The Productive Scholar: Pivot: Collaboration and Funding Connected

Topic: Pivot: Collaboration and Funding ConnectedPivot-Logo1
Speaker: Kyle Burkhardt, ERA Manager (ORPA)

Time: Thursday, October 2, 12:00pm – 1:00pm
Location: New Media Center, 130 Lewis Library, First Floor

Lunch will be provided. To register for this session: 
http://bit.ly/PS-Pivot
(Registration is not required for attendance, however refreshments may be limited)

Are you a Princeton student, faculty member or researcher looking for funding or collaboration opportunities?  Are you a staff member who helps others look for funding?   Do you want weekly email alerts of new opportunities matching your research interests?   Then come to the Pivot demo!  Learn how to sign up for a Pivot account, how to search and track opps, how to refine and save searches, and how to get opps in your inbox.

Speaker
Kyle Burkhardt is the ERA Manager in the Office of Research and Project Administration (ORPA) at Princeton University. She is a software tester, documentation writer, and trainer for two software applications used by the University for Sponsored Research:  Coeus for proposal tracking and PS Grants for award/subaward tracking. Kyle also gives demos on how to use Pivot to find funding opportunities, and manages the University Research Board (URB) proposal reader process.

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The Productive Scholar: OpenAccess 101: What Every Faculty, Researcher, and Student Should Know

Topic: Open Access 101: What Every Faculty, Researcher, and Student Should Knowopen-access-may-college_0-300x1991
Speaker:
Yuan Li, Scholarly Communications Librarian

Time: Thursday, September 25, 12:00pm – 1:00pm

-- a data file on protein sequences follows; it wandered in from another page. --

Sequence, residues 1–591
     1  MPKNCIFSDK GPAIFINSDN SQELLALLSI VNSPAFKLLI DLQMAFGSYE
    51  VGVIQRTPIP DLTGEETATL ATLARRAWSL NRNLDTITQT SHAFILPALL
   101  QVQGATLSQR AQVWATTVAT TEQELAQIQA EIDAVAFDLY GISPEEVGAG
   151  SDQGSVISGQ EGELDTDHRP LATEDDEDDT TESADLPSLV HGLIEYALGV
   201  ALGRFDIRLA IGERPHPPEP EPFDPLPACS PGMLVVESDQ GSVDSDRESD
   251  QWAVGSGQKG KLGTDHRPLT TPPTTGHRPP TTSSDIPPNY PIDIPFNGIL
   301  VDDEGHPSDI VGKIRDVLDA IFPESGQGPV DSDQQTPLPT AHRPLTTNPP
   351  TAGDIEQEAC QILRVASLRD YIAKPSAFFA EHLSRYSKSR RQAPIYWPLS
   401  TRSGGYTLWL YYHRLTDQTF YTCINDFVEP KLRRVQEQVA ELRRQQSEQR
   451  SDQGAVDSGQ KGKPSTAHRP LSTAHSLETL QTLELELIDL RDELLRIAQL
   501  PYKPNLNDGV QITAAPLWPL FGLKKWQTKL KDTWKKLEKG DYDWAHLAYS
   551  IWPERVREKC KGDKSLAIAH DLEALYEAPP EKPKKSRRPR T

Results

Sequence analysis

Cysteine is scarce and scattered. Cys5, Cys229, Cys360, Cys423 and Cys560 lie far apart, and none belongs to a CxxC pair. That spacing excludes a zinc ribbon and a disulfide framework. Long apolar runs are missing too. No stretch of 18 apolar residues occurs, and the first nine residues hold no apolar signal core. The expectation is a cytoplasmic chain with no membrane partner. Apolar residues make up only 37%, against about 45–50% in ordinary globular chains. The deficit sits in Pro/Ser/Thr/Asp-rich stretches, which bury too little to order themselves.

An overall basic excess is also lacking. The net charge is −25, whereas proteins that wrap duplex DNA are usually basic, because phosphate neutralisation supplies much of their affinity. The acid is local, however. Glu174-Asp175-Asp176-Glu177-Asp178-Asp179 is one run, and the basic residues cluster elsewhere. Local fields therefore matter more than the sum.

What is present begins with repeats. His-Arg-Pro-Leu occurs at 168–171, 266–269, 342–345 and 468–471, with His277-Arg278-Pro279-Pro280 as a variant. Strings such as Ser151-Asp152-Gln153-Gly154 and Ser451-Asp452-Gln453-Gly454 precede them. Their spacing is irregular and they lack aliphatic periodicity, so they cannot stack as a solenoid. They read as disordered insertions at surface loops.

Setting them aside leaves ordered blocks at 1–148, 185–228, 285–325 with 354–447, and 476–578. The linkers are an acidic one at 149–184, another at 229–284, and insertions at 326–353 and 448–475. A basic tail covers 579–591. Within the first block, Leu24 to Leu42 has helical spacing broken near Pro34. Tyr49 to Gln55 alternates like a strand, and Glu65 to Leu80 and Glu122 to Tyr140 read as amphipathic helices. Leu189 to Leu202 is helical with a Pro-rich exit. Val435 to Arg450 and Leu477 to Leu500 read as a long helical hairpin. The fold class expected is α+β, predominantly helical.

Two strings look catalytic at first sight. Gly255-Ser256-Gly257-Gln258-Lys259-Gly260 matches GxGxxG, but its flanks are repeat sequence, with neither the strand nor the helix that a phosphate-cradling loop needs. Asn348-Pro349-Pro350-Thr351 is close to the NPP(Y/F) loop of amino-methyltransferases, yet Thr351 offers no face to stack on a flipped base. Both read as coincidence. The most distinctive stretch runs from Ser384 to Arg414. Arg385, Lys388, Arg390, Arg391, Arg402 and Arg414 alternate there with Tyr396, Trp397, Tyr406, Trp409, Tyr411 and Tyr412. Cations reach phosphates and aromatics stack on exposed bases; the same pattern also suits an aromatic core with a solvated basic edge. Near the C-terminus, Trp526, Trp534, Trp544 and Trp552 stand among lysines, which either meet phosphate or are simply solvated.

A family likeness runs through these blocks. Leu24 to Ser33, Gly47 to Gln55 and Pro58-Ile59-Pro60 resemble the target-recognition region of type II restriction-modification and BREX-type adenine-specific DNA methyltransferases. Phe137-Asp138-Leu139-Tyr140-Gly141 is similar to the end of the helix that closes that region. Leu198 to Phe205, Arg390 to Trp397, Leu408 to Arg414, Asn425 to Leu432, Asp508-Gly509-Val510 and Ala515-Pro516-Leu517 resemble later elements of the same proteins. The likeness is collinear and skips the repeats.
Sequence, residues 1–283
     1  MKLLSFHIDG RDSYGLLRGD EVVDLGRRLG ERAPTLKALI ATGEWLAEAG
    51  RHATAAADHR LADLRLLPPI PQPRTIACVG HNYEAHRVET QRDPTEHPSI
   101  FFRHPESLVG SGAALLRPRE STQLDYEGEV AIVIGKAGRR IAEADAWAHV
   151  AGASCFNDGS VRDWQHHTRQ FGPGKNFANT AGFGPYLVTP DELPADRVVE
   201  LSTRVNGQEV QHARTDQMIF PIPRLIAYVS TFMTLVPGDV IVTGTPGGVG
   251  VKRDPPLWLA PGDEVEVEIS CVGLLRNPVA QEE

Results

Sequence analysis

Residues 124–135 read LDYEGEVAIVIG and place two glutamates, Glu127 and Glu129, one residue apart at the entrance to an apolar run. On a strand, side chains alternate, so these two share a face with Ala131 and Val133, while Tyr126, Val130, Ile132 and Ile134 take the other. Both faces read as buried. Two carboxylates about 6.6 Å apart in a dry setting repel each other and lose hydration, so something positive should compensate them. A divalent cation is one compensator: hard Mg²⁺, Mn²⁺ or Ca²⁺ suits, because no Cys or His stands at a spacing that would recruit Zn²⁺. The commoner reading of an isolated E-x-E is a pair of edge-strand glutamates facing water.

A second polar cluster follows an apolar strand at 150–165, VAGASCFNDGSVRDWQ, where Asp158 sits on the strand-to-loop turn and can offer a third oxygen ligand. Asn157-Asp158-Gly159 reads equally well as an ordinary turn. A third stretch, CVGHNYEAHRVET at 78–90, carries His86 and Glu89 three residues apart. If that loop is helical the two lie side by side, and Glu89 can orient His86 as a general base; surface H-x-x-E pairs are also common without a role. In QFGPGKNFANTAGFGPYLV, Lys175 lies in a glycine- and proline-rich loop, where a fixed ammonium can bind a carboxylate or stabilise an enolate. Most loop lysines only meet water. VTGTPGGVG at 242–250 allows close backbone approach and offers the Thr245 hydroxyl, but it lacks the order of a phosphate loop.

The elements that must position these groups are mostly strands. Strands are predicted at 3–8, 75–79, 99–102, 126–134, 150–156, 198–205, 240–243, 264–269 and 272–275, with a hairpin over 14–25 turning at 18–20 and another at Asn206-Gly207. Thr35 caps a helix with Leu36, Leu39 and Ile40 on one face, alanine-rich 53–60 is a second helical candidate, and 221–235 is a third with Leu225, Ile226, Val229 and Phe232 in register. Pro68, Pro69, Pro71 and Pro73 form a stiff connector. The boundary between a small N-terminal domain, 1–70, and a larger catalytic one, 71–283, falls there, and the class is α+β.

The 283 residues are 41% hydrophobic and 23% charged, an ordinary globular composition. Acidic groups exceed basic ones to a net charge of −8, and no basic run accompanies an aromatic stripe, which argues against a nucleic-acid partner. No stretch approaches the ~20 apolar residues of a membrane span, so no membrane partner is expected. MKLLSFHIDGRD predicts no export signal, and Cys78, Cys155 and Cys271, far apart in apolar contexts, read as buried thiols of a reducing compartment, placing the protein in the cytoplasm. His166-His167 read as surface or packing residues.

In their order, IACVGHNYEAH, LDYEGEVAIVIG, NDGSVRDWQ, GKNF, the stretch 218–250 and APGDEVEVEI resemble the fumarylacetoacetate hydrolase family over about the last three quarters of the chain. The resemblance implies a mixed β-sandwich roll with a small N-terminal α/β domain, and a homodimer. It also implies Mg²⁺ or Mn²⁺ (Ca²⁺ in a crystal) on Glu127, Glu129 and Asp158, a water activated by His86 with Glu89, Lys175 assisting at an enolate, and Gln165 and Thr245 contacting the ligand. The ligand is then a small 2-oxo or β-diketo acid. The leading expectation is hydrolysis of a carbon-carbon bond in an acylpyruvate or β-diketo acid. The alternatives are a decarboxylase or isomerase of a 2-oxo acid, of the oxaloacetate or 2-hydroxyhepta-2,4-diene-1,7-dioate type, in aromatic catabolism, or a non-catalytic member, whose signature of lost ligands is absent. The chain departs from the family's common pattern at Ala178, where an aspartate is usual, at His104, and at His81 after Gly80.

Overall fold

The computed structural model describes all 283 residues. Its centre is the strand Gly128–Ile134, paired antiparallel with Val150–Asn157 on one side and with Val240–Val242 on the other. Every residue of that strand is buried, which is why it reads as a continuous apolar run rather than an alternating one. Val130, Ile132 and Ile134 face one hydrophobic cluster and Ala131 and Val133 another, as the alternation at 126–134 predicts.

Location: New Media Center (NMC), 130 Lewis Library, First Floor

Lunch will be provided. To register for this session:
http://bit.ly/PSOpenAccess
(Registration is not required for attendance, however refreshments may be limited)

The open access movement began in the 1990s and has since been adopted by an increasing number of funding agencies, academic institutions, publishers, and individual researchers. If you haven’t encountered open access yet, you probably will at some point in your career. This presentation will provide an overview of the main ideas behind open access, give a brief history, look at the recent OA policy development, and help you understand your role and responsibility in the changing landscape of Scholarly Communication. Most importantly, the new services of the Library’s Scholarly Communications Office will be introduced to help faculty members comply with funding agency requirements and Princeton University’s Open Access policy.
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The Productive Scholar: Fall 2014 Schedule

Technology Tools for Teaching & Research

THURSDAYS, 12:00pm – 1:00pm
NEW MEDIA CENTER (NMC), 130 Lewis Library, First Floor
Lunch provided, please RSVP using session link
(
Detailed descriptions will be available the week before the session)


September 25
: Open Access 101: What Every Faculty, Researcher, and Student Should Know
Yuan Li, Scholarly Communications Librarian (University Library)

October 2: Pivot: Collaboration and Funding Connected
Kyle Burkhardt, ERA Manager (ORPA, Office of the Dean for Research)

October 9: OpenScholar: Personal Websites for Scholars (in partnership with DHC*)
Ben Johnston (Digital Humanities Center)
Angel Brady, Academic Systems Training & Support Specialist (Office of Information Technology)

October 16Best Practices for Data Management
Willow Dressel, Plasma Physics/E-Science Librarian (University Library)

October 23: Exploring Archival Collections through Forensically Packaged Disk Images (in partnership with DHC*)
Jarrett Drake, Digital Archivist (MUDD Manuscript Library)

November 6: Trust & Identity Practices in Illicit Deep Web Transactions (in partnership with DHC*)
Rachael Ferguson (Department of Sociology)

November 13: Effective Tools to Navigate the Institutional Review Board (IRB) Process
Andrea Ferguson-Dadas, Assistant Director, Research Integrity Assurance (RIA)

November 20: The Digital Humanities Center at Princeton (in partnership with DHC*)
Ben Johnston (Digital Humanities Center)

*Digital Humanities Center at Princeton, Green Hall, Princeton University

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Teaching with Technology Innovators Series: As Easy As ABC: Digital Humanities in the Classroom